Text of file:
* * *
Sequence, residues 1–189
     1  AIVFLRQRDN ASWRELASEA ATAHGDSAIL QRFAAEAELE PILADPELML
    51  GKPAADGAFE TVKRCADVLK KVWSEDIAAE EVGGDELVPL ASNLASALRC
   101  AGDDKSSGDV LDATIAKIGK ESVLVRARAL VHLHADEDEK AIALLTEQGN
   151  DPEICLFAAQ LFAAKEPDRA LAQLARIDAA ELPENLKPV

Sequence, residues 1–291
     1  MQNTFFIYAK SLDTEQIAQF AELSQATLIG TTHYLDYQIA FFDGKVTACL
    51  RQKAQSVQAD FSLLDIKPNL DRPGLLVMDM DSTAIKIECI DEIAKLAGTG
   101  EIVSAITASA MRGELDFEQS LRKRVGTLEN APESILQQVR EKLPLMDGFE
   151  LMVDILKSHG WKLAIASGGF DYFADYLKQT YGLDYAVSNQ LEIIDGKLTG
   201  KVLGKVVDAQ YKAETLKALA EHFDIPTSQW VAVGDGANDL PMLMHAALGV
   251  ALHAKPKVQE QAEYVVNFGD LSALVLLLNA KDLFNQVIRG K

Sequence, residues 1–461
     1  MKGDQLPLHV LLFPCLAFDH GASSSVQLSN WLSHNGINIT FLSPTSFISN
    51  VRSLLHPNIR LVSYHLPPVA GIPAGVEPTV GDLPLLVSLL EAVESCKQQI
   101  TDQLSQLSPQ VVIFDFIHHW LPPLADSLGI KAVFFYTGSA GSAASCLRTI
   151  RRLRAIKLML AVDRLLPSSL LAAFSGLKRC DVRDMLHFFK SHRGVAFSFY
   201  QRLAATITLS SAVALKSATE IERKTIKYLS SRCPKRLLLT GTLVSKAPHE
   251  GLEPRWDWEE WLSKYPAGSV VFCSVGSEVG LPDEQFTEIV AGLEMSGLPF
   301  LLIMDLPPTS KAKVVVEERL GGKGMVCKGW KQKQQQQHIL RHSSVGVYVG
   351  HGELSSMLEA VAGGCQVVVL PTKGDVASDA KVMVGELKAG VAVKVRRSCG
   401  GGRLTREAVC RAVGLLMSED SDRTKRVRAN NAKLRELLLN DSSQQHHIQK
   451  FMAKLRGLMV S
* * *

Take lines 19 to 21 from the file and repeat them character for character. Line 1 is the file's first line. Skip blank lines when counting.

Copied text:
   251  GLEPRWDWEE WLSKYPAGSV VFCSVGSEVG LPDEQFTEIV AGLEMSGLPF
   301  LLIMDLPPTS KAKVVVEERL GGKGMVCKGW KQKQQQQHIL RHSSVGVYVG
   351  HGELSSMLEA VAGGCQVVVL PTKGDVASDA KVMVGELKAG VAVKVRRSCG